So if you – the oppressed – hurt someone’s feelings, you’re just like the oppressor, right? Wrong. Oppression is not about hurt feelings. It is about the rights and opportunities that are not afforded to you because you belong to a certain group of people. When you use a racist slur you imply that non-whiteness is a bad thing, and thus publicly reinforce a system that denies POC the rights and opportunities of white people. Calling a white person a racist fuckhead doesn’t do any of that. Yes, it’s not very nice. And how effective it is as a tactic is definitely up for debate (that’s a whole other blog post). But it’s not oppression.
» The Revolution Will Not Be Polite: The Issue of Nice versus Good Social Justice League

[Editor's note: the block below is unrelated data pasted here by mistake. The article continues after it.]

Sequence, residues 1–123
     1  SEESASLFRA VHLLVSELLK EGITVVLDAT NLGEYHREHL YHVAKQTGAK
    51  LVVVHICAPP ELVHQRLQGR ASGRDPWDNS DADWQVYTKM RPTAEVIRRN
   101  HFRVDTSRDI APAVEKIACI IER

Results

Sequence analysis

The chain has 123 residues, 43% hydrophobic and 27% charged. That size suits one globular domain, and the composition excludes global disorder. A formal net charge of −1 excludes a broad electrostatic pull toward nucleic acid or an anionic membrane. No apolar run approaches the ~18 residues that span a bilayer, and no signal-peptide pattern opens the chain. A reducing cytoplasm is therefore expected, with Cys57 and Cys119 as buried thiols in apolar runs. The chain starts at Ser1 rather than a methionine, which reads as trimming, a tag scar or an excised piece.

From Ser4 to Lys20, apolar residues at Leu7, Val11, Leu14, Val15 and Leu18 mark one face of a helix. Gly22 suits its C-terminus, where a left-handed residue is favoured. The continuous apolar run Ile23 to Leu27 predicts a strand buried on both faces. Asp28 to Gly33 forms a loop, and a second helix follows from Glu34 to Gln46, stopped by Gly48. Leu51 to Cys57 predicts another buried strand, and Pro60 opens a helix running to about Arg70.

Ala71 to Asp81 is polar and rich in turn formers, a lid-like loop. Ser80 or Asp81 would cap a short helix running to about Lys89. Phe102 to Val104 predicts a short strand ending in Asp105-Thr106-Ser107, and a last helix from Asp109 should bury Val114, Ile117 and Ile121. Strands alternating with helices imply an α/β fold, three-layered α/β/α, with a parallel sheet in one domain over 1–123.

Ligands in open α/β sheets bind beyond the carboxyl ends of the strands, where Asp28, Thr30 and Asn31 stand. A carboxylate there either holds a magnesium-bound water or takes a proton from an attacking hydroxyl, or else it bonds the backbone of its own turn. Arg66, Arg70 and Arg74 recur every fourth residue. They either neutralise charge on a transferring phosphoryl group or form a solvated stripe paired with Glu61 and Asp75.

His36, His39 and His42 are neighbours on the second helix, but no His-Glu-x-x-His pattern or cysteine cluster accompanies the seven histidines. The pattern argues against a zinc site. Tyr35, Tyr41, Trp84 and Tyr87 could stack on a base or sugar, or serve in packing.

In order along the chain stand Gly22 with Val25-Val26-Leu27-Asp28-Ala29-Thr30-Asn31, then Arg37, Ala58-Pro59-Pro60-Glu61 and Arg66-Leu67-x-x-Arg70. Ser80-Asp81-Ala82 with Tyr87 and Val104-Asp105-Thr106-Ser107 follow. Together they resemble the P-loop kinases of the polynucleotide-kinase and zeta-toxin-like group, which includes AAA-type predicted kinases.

(via This… is White Privilege)
An even bigger issue is that if people think social justice is about niceness, it means they have fundamentally misunderstood privilege. Privilege does not mean you live in a world where people are nice to you and never insult you. It means you live in a world in which you, and people like you, are given systematic advantages over other people. Being marginalised does not mean people are always nasty to you, it means you live in a world in which many aspects of the cultural, social and economic systems are stacked against people like you. Some very privileged people have had awful experiences in life, but it does not erase their privilege.
—The Revolution Will Not Be Polite
(via knowledge is black power)